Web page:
Saturday, September 25, 2010

Guest Post - Maken Art

Thank you to Annabel for the opportunity to share my Sketchbook Project journey with you, on her wonderful blog.

This is my first time participating in the Sketchbook Project. In fact, this is the first year since highschool that I’ve done any kind of art. But one of my New Year’s resolutions was to take an art class and start creating. Unlike all my previous resolutions of ‘lose weight’ or ‘save more money’ I’ve managed to stick to this one. Actually, I think it’s safe to say I’ve blown this resolution out of the water!

  1. At the start of the year I began an art blog to journal my progress.
  2. I signed up to an online art class called Suzi’s Les Petit Academy (, where I learned to use mixed media and really get messy and wild. Suzi Blu quickly became my muse.
  3. I then took a creative drawing class at the Australian National University three hours a week, where we did everything from still life to life drawing, painting with spoons and ink, to collage, and watercolour. Also made some great, arty friends along the way.
  4. After my art class I began working with watercolours for the first time ever, and let me tell you I fell in love! Somewhere between the start of the year and now I went from loving monochromatic pencil and ink sketches, to wanting colour everywhere. In my art, my house, my wardrobe, my life. The more colour the better!
  5. When the drawing class came to an end I found myself lacking the discipline to keep creating regularly. So my drawing class friends and I started hosting regular Crafternoons as a way of continuing our creating and ensuring we made time for a bit of a catch up. (And an excuse to eat cake and drink tea).
  6. I also started participating in Illustration Friday ( to make sure I did a little something each week.
  7. On the Illustration Friday website I found a link to the Art House Co-op Sketchbook Project. Well, I’ve never been so excited. I’d never heard of such an amazing, collaborative art project. I was hooked, and began ordering books for everyone I knew! I started a Facebook page, a Twitter list, a Flickr group and I think I told everyone I met about it.
  8. Through the Sketchbook Project I think I’ve really found my style. I call it four-year-old art. I’m the first to admit that I’m probably not very good, but boy do I enjoy putting pencil/pen/brush/crayon/fingers to paper! You can see all of my entries so far and track my progress on my blog (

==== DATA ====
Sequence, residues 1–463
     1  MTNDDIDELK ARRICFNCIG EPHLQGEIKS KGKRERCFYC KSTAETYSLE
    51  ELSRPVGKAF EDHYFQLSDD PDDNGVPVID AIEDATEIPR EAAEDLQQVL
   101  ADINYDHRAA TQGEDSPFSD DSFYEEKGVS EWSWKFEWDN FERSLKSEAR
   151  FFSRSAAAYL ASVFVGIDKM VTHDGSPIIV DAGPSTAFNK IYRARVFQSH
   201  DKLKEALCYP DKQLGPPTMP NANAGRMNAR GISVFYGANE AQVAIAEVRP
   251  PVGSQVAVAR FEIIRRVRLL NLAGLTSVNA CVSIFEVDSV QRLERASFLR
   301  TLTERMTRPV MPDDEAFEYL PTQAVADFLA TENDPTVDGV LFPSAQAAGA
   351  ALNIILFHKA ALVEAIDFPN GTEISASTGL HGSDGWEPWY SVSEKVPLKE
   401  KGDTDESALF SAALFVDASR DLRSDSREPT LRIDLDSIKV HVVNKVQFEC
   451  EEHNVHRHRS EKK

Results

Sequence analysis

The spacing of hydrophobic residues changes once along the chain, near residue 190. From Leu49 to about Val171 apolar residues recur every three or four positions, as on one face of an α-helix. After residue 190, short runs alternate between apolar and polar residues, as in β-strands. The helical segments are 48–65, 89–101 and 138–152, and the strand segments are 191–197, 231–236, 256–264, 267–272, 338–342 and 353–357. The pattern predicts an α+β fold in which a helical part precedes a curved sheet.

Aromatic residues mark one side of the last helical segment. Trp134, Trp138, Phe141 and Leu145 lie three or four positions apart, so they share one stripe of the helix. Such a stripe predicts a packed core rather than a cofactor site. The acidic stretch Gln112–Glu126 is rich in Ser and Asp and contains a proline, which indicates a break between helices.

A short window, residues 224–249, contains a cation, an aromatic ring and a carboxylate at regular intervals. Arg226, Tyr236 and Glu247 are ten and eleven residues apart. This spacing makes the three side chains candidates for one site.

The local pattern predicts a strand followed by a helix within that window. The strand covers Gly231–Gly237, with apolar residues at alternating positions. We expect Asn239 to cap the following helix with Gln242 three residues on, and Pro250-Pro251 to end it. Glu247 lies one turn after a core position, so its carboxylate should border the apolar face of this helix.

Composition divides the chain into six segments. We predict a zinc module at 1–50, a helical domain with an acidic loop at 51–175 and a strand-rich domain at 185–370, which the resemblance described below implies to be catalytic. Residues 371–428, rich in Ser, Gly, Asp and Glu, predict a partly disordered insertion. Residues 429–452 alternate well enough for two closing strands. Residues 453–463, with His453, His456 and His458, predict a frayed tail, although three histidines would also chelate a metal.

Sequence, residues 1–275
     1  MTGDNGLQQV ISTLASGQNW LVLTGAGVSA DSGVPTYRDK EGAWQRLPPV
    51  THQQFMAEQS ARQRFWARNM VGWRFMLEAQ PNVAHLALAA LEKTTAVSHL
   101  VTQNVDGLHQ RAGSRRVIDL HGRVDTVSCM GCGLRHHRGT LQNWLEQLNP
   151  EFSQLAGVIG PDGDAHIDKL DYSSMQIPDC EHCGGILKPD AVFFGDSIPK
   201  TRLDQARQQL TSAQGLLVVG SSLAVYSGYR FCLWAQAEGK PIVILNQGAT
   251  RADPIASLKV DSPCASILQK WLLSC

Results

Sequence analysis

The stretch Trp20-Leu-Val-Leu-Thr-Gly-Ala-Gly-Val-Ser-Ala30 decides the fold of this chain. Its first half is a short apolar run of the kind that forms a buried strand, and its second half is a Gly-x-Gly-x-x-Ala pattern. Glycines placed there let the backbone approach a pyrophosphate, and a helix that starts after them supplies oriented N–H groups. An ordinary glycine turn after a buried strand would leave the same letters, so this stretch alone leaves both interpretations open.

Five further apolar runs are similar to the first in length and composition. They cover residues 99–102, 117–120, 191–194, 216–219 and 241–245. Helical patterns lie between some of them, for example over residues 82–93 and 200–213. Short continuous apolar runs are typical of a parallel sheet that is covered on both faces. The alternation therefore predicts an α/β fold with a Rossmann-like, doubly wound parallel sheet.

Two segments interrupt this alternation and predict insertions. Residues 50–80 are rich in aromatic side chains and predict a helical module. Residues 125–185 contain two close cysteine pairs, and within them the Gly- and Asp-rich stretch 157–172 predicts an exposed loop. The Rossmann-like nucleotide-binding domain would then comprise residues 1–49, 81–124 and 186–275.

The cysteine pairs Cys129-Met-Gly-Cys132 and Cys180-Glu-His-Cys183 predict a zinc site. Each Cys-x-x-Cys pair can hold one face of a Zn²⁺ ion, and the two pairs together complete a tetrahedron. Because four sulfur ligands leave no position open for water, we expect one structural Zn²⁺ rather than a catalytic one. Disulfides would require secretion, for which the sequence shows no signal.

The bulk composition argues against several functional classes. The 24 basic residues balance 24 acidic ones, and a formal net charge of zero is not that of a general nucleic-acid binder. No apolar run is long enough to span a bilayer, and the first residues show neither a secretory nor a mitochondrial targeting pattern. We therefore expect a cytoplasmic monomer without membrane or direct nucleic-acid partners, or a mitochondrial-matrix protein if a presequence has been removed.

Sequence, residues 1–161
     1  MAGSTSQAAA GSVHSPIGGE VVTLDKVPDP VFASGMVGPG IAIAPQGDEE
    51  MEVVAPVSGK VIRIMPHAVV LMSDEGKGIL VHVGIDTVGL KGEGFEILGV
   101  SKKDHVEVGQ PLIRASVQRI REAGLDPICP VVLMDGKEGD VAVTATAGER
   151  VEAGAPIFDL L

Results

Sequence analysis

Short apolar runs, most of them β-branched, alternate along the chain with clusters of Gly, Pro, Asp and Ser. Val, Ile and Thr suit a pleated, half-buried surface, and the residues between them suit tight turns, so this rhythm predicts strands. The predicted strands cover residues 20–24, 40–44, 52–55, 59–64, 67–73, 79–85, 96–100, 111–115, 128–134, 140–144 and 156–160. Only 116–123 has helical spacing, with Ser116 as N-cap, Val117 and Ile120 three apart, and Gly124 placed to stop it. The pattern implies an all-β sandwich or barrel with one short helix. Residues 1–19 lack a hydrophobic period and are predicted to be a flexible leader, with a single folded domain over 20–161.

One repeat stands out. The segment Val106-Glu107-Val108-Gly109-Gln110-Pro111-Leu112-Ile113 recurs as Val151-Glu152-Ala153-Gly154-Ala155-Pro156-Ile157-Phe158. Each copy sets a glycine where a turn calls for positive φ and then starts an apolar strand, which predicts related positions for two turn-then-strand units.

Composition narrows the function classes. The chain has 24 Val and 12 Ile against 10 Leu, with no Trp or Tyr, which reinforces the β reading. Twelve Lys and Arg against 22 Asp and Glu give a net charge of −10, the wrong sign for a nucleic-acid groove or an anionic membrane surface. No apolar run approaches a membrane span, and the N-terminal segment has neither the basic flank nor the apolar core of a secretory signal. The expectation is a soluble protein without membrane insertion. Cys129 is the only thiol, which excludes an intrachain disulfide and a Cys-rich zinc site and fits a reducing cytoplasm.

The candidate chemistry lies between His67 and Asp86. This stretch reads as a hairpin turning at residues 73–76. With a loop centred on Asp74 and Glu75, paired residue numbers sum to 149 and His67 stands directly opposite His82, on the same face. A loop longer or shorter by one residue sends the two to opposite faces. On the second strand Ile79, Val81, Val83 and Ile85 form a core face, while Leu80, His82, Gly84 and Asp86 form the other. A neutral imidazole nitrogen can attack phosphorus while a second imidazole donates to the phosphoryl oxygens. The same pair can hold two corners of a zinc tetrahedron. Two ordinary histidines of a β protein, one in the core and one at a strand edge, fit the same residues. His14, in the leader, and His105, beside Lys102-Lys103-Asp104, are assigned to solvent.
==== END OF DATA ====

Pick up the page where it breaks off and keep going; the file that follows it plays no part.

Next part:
9. I  couldn’t bear the thought of my Sketchbook Project book coming to an end, so I’ve signed up to a few other projects to start once I’m done. Including the Australian version of the project, the ‘Artist Notebook Project’ (, the Moly_X Sketchbook Project (, and the 1001 Journals project (

Next on the agenda I’m determined to find myself a summer watercolour class to take, and learn some new techniques with my new favourite medium. I’m also looking forward to next year when I won’t be trying to finish my Masters full time (while working full time) and will have a lot more free time to devote to art projects!

I’d love to hear how others got into their chosen art mediums, projects, style. Feel free to drop me a line on my blog ( or you can usually find me on Twitter ( Happy creating!

Tuesday, September 21, 2010

The Moment

In my late twenties, older friends told me that you feel so much better in your thirties - more comfortable with who you are, where you're at. Now, as I approach the dreaded mid-to-late thirties, or "turning 18 for the second time" as a friend of mine put it, I've been musing on this broken promise of my early thirties.

Along with so many other things I hoped for (the joy of new motherhood, for example), feeling comfortable with myself got sucked into the vortex of post-natal depression. I've been feeling like I skipped the fun part of the thirties (do not pass go, do not collect $200) and landed in the insecure, unsettling part in which sometimes I smile at myself in the mirror, not because I'm having a great day, but because I'm testing to see how noticeable my wrinkles are. 

Sometimes these thoughts make me feel sorry for myself. (For those who are unfamiliar with the lie of this particular land, sorry for myself is the slippery, gravelly terrain just a little way up the slope from kind of blue. It's risky to venture there). 

Musing again on my sketchbook theme, I realise that by dwelling on what might have been, I am forgetting to appreciate what is, to just live each moment. So, I made a collage to remind myself.

These thoughts sent me back to a book I haven't opened in a long time, Jeanette Winterson's incendiary The Passion, which blew my tiny mind when I read it for the first time, aged 21. I remember underlining this quote and writing it in the front of my diary: It's hard to remember that this day will never come again. That the time is now and the place is here and there are no second chances at a single moment.

The soundtrack for today's post is Lorene Scafaria's 28, because it captures perfectly that sense of imagining that being a different age will somehow make you more of the person you want to be.